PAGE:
Heirs and Grayson

grayson01THE BENCHMARK they surpassed recently may have belonged to Don Revie and those eleven names that still roll from fans’ tongues, but parallels between this season’s Leeds United are more readily made with that of 2007/08. Right now, Simon Grayson’s side is a more invincible mix of guile and determination than that of Dennis Wise – but without Dennis Wise, which is an obvious bonus.

Even at the time, the flyer that Wise (and Gus Poyet) got off to in 2007 – as Newcastle United (and Tottenham Hotspur) were soon to discover – seemed more to do with Elland Road’s intoxicating brand of hysteria than managerial nouse. It couldn’t last, and it didn’t.

To me, Dennis Wise’s face – bobbling around, a doodle on a deflating balloon full of farts – only seemed to fit because it’d be sure to smile as the club’s finances embarked on a Donald Crowhurst-esque meander on the high seas to the Caribbean and back.

Two years on, and Leeds United remains a murky mix of money and mediocrity. Yet, with even the embers of indignation at the perceived injustice long since forgotten, Simon Grayson still masters mesmerising form from his men.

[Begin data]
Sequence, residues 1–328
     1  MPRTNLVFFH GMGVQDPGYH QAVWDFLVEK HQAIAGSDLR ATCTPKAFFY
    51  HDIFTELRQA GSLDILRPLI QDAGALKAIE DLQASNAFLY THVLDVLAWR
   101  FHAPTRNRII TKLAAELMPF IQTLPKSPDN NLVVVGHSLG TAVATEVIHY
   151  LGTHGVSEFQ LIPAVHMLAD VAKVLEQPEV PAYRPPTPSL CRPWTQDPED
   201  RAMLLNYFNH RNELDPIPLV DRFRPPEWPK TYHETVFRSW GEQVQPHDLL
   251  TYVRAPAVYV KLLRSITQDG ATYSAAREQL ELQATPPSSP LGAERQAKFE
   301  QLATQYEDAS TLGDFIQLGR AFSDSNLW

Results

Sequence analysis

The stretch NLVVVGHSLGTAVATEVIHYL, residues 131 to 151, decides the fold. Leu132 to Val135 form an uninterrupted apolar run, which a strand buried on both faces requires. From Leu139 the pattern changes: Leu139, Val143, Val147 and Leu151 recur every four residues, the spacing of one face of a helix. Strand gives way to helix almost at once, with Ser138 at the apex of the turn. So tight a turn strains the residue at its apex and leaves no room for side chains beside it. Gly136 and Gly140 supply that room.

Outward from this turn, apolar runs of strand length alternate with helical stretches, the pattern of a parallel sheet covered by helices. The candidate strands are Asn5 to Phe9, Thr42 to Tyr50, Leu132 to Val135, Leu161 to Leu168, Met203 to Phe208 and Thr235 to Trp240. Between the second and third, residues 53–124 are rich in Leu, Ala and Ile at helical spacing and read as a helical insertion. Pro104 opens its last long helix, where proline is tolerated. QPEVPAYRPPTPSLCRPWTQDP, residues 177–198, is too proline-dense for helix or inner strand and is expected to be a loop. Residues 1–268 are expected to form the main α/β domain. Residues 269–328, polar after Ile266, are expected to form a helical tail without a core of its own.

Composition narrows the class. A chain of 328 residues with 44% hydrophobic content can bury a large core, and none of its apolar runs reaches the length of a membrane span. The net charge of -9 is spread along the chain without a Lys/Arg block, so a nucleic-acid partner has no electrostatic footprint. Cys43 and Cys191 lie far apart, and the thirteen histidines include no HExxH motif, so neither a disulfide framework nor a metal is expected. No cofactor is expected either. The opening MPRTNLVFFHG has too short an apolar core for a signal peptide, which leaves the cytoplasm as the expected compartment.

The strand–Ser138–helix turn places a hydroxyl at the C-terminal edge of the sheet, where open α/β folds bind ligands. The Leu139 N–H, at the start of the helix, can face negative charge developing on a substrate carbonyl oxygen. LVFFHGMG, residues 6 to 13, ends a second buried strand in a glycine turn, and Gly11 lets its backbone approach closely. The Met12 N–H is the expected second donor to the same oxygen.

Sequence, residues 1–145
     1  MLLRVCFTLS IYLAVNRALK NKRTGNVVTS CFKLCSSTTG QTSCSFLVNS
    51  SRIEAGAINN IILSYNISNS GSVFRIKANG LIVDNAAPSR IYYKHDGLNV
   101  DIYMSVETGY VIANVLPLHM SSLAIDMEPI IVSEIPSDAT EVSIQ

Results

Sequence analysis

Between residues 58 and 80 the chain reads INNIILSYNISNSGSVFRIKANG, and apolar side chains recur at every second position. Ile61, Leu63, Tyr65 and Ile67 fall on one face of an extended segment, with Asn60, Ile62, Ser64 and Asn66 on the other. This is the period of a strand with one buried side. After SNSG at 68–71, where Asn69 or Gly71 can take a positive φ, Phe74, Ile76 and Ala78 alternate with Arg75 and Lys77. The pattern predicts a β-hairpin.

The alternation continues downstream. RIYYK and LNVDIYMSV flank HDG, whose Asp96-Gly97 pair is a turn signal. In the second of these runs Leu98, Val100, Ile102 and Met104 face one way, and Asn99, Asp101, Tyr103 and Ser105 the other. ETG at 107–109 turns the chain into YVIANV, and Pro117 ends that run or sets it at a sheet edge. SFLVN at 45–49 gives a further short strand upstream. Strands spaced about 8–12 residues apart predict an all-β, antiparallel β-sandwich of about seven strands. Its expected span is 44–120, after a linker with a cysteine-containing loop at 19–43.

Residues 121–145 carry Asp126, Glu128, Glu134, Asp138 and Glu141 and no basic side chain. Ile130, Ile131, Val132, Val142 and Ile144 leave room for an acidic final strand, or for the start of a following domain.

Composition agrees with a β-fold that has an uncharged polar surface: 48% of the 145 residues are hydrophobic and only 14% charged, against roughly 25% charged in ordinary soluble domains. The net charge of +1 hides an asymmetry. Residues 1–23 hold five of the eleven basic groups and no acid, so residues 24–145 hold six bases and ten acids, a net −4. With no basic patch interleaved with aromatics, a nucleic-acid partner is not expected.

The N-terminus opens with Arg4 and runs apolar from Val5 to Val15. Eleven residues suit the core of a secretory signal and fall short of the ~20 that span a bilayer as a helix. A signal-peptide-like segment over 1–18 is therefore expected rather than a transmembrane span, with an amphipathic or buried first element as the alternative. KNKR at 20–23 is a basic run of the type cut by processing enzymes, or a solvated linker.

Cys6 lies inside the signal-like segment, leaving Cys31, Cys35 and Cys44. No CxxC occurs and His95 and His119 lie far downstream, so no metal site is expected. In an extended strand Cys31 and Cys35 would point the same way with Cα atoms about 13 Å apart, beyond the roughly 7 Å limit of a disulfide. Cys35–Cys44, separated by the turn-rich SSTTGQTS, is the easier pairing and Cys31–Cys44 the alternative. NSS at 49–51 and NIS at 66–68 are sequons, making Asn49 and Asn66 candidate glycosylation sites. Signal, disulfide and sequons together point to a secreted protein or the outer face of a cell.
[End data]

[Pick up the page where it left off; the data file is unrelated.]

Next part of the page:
Since Boxing Day last year, when he pitted that first line up against the club for whom he made his most appearances, Leeds United have been on the road to becoming the sort of title contenders Leicester City so obviously were that day.

It’s exciting, but it’s early. At Chelsea, around the time the words “Chelsea Village” became a byword for either genius or psychosis (delete as applicable), Ken Bates shifted from trusting older managers to taking short-lived punts on the promise of younger, more impressionable characters. Funnily enough, he maintained a direct line to all of his appointments via a chap by the name of Gwyn Williams.

In 19 years at Stamford Bridge, Bates averaged a managerial sacking roughly every two years. In attempting to reinstall Leeds United to the second division, where it was when he became chairman in 2005, that rate has doubled.

Both Kevin Blackwell and Dennis Wise floundered in their second year under Bates. Gary McAllister didn’t even get that far. In November last year, McAllister was just four games from three words which simply don’t belong in the same sentence: Shaun Harvey’s wrath.

baldwin01There’s a memorable scene in David Mamet’s film Glengarry Glen Ross in which Alec Baldwin (bear with me here) plays a character who’s sent from head office to motivate a bunch of underlings. It’s not saying much, but that bollocking is the performance of Baldwin’s life, and what Shaun Harvey delivered was nothing like it – though in his mind I suspect he believes it was.

But mediocrity’s just what happens when you surround yourself with solicitors and arse-coverers like him. And long may Simon Grayson keep it at bay.

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